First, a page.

If no sections match (step 824), it is assumed that there are two delay changes (more than two are highly unlikely, and two predetermined points along the search interval are selected as the estimated delay change positions (step 825).
New values for the delay in each part of the utterance, as now defined by the estimated delay change point or points, are then determined (step 826).
Depending on the outcome of the selection step 818, the utterance may therefore have no, one or two delay changes identified. The original utterance pair 1,2 is then separated into separate sections at these delay changes (if any) and the delays so identified imposed on each pair (step 827).
The process (steps 805-827) is repeated for the next utterance pair.
In the embodiment described so far, the section initially selected is an individual utterance. Utterances of duration longer than some pre-determined threshold may be sub-divided into two or more sub-utterances, each sub-utterance then being aligned separately, thereby allowing a plurality of delay changes to be identified in a single utterance.
The presence of a delay change may be tested by dividing the utterance in two at one or more different points. For each division point, the two parts of the signal are aligned separately and the confidence of such alignments is determined. A comparison across all division points of the delays of each part and the confidence of these delay values is used to determine the location, if any, of a delay change in the signal. This process may then be repeated for the sections on either side of this identified delay change to identify possible additional variations in delay.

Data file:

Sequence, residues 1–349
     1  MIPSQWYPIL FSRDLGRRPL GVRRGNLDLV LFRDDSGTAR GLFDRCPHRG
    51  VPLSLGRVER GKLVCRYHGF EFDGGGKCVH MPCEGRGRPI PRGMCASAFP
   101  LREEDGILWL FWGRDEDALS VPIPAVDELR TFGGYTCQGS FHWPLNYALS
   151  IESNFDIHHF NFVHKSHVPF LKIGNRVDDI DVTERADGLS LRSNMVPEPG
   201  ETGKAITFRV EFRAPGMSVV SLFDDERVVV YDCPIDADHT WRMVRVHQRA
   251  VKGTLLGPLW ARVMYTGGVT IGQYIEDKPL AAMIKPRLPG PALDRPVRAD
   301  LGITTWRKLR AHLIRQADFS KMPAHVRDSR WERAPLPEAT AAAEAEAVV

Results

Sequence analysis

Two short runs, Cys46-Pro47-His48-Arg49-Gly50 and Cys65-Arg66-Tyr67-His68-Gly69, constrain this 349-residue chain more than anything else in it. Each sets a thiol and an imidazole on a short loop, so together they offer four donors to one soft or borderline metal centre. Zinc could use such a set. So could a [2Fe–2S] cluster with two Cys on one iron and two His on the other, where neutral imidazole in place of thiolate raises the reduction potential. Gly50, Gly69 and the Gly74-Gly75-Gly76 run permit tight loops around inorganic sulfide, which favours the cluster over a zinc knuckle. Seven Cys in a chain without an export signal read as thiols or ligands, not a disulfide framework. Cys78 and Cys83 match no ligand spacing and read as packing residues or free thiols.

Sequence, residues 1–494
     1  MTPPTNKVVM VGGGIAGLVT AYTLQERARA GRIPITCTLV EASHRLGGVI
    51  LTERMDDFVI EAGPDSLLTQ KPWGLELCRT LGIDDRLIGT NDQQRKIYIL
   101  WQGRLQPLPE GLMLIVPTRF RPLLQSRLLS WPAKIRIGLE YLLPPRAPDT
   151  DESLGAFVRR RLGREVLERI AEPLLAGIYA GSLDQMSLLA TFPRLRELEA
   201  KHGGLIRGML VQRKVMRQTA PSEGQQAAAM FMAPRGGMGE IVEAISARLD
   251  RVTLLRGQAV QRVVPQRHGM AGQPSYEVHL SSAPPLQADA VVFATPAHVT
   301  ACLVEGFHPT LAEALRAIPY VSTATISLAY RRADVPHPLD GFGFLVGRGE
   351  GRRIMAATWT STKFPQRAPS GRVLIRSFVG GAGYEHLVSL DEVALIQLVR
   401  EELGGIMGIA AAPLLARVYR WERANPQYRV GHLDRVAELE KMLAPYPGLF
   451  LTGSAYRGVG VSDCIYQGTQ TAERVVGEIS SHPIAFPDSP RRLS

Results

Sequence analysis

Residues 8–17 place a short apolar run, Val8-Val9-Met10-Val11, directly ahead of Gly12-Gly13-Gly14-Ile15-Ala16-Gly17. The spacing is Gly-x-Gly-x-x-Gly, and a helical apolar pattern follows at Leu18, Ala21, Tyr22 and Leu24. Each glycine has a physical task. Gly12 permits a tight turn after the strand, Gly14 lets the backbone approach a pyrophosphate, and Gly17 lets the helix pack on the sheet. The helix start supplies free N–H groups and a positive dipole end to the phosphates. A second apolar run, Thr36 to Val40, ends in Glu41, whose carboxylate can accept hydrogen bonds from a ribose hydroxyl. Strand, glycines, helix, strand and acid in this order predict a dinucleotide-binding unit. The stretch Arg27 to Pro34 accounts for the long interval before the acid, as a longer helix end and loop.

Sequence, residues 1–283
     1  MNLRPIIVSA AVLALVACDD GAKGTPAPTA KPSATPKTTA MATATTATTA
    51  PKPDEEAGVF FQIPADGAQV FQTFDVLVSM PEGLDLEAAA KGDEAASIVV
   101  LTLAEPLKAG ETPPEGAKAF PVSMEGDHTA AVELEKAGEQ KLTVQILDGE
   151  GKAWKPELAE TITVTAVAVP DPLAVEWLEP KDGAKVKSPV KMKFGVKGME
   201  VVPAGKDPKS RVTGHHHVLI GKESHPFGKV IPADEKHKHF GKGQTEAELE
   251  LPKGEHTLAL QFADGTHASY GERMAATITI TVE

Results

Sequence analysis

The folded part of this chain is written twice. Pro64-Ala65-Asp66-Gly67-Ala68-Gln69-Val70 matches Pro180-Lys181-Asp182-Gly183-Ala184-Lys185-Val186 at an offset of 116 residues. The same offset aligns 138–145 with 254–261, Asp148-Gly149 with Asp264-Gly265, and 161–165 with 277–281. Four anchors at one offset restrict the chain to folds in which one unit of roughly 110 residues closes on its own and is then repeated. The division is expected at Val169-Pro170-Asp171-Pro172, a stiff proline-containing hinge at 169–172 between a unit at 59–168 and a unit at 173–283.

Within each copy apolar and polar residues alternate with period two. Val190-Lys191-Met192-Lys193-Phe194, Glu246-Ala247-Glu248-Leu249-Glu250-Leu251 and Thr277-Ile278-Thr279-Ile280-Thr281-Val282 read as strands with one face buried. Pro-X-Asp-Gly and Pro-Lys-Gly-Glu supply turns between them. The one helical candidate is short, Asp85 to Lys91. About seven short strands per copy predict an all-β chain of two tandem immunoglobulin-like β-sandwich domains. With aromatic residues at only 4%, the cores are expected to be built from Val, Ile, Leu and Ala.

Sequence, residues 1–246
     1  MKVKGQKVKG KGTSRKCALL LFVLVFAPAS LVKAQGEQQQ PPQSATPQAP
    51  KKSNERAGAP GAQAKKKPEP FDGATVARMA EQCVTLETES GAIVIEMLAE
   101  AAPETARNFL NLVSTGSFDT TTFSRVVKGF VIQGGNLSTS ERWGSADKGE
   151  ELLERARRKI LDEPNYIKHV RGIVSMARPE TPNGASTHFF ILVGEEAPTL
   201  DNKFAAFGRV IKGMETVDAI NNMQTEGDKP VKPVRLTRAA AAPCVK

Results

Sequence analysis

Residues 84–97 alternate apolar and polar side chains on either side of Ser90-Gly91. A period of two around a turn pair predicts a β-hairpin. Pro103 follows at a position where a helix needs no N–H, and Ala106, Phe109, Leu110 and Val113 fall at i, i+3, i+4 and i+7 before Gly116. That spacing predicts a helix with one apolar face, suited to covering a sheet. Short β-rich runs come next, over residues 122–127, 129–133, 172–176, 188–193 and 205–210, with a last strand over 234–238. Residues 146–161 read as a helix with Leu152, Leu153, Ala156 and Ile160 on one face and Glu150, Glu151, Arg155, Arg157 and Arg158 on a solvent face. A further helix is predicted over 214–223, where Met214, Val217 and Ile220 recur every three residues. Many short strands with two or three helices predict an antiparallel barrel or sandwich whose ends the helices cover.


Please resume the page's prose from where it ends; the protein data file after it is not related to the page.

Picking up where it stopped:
In another alternative arrangement, the complete signal (or each of several predetermined sections of it such as individual utterances) is first processed as a whole to identify and cancel any constant delay. The signal is then divided in two and alignment performed on each section separately. Each section so aligned is recursively sub-divided until some pre-determined minimum duration is reached. This process enables a number of delay changes at arbitrary locations in the signal to be identified.
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|U.S. Classification||704/200.1, 704/230, 455/423, 375/224, 455/67.12|
|International Classification||H04M3/22, H04B17/00|
|Mar 9, 2001||AS||Assignment|
Owner name: BRITISH TELECOMMUNICATIONS PUBLIC LIMITED COMPANY,
Free format text: ASSIGNMENT OF ASSIGNORS INTEREST;ASSIGNORS:REYNOLDS, RICHARD J.B.;RIX, ANTONY W.;HOLLIER, MICHAEL P.;AND OTHERS;REEL/FRAME:011750/0276;SIGNING DATES FROM 19991122 TO 19991127
|Sep 13, 2007||FPAY||Fee payment|
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|Jul 27, 2011||AS||Assignment|
Owner name: PSYTECHNICS LIMITED, UNITED KINGDOM
Free format text: ASSIGNMENT OF ASSIGNORS INTEREST;ASSIGNOR:BRITISH TELECOMMUNICATIONS PUBLIC LIMITED COMPANY;REEL/FRAME:026658/0001
Effective date: 20110324